5 Foods You Should NEVER Cook In a Cast Iron Skillet
If you’re looking to whip up a deliciously juicy, restaurant-inspired steak, no other type of pan will sear your meat better than a cast iron skillet. Not only can you sauté, roast, sear, bake, braise, and more in these multi-functional pans, but they’re also extremely durable and affordable to meet all of your cooking needs.
Their ability to get and then stay really hot makes them ideal for cooking meats and stir-fries, while the fact that they can go from the stovetop to the oven results in perfect baked goods like cornbread and pie. And while you’ll have to scrub your other pots and pans clean, all you have to do is rinse a cast iron skillet with warm water post-cooking. Talk about a low-maintenance piece of kitchen equipment!
Though you may be excited to order a cast iron skillet and start cooking away, the trick to achieving great results is knowing when to use them—and when another pan might be better for the type of food you’re making. Here are five things you should avoid cooking in a cast-iron skillet.
1. Tomato Sauce
Acidic foods like tomatoes can damage the seasoning, or the nonstick coating, of your skillet. What’s worse, the end result will taste metallic, especially if it’s something—like a slow-simmered pasta sauce—that requires a long cooking time. Skip the cast iron for your bolognese and use stainless steel instead.
2. Wine-Braised Meats
It’s not the greatest idea to cook foods that require deglazing with wine or vinegar in a cast iron skillet. Unless your skillet is perfectly seasoned, the acid can leach small amounts of metal into your food, giving it an off-taste and potentially harming your health.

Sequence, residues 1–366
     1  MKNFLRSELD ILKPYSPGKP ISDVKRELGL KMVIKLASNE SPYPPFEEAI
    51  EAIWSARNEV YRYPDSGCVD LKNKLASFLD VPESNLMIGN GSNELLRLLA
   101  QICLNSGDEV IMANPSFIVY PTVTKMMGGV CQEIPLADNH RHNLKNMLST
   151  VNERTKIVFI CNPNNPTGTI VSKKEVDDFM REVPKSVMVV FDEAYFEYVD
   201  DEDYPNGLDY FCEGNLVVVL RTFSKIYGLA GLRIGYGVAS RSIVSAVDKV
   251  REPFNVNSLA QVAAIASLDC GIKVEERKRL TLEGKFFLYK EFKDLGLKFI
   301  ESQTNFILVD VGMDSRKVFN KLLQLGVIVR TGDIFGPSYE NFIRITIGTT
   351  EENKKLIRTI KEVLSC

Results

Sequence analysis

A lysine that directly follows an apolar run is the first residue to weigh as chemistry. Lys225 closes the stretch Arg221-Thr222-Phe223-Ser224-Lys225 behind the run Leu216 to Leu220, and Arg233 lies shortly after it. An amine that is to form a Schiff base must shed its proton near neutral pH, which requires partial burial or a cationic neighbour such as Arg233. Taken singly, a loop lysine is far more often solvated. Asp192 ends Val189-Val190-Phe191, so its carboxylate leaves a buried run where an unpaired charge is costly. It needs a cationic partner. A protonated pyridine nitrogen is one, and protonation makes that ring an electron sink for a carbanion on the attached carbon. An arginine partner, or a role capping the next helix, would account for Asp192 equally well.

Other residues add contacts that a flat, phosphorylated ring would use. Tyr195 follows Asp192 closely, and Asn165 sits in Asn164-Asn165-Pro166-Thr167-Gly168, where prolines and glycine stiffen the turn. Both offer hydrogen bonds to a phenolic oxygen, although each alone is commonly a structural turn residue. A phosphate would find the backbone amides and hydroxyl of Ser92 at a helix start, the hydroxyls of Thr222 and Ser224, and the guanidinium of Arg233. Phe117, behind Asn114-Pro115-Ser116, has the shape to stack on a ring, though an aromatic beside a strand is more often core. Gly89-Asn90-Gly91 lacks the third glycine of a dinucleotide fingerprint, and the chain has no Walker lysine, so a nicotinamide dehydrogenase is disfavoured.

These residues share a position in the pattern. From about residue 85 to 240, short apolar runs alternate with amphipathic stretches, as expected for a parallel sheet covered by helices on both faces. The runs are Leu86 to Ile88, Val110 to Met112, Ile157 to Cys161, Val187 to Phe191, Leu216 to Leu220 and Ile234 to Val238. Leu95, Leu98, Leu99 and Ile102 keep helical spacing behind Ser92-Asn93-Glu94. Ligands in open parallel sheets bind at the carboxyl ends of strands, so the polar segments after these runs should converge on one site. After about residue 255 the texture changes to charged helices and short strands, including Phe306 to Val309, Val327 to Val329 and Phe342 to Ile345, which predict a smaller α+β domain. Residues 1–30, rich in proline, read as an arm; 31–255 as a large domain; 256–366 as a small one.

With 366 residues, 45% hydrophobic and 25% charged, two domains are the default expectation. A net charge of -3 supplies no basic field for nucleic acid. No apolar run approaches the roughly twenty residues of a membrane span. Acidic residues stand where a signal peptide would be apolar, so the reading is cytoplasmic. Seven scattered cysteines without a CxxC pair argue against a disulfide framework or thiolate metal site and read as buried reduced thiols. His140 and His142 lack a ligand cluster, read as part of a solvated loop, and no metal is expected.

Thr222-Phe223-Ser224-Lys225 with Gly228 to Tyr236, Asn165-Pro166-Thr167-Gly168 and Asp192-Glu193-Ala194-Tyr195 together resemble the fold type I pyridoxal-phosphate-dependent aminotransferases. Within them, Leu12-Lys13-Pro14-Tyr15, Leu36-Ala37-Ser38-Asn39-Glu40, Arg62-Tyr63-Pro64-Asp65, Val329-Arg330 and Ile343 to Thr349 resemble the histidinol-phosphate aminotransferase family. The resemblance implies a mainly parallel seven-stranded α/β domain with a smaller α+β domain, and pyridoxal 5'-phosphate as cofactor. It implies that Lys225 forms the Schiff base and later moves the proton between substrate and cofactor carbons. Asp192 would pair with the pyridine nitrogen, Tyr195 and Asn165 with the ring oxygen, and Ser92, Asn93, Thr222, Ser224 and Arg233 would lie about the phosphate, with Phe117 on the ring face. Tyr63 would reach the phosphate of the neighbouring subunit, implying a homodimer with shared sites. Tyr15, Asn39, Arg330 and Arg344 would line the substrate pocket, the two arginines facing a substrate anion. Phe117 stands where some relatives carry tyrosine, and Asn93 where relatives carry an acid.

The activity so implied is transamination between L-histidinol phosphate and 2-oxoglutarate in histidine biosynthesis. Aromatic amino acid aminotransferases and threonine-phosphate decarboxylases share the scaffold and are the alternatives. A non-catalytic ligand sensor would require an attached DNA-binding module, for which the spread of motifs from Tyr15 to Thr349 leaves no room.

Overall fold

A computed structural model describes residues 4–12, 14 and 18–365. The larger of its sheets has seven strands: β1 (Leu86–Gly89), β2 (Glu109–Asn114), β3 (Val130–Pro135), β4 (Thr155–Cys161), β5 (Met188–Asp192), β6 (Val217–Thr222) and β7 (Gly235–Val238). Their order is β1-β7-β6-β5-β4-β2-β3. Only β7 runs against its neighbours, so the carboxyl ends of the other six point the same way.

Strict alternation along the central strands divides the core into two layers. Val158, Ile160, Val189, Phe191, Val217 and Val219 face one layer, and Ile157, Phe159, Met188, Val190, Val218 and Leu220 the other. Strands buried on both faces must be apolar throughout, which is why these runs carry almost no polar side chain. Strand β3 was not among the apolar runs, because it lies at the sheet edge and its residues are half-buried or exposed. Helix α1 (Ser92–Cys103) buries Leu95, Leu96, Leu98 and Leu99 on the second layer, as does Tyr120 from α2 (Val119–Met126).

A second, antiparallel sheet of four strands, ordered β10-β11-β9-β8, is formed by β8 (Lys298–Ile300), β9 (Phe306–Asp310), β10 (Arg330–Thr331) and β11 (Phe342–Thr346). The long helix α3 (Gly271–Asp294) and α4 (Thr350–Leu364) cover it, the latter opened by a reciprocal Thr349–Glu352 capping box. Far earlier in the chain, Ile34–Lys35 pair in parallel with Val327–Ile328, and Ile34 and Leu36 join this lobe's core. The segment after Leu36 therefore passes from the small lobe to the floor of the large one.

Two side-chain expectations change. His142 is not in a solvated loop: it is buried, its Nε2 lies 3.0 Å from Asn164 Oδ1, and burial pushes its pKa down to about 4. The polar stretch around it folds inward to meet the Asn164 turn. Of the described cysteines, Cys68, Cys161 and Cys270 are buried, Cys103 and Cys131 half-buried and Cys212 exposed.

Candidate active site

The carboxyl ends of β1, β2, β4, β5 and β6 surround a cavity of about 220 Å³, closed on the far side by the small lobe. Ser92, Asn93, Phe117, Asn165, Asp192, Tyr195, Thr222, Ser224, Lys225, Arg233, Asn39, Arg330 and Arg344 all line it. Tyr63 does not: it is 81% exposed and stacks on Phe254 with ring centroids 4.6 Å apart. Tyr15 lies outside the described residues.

Some of your favorite desserts like pie and cornbread can be baked to perfection in a cast iron pan—it adds an appealing crisp edge to cakes and quick breads, and it can go straight from the stovetop to the oven. But if you mainly cook savory foods in your skillet, those residual flavors can transfer into whatever you’re baking, giving your dessert an expected flavor. If you have multiple skillets, designate one for garlicky stir-fries and another for the sweet stuff.
Omelets and other egg dishes can stick to the surface when you try to remove them from a cast iron skillet. That means, in addition to serving up an ugly omelet, you may be tempted to soak your pan to get it clean, which will definitely remove the seasoning. Go for an enamel pan instead, and those perfectly folded omelets will slide out with ease.
5. Delicate Fish
Like eggs, flaky fish fillets can stick to a cast iron pan, making them difficult to remove. The hard scraping to remove your delicate fishes can damage the seasoning on your skillet. While cast iron is great for searing a steak, thanks to how hot it gets (and stays), enamel is better for fish like tilapia, cod, and flounder. Salmon and tuna steaks will cook perfectly in your cast iron pan, though, so feel free to try those out.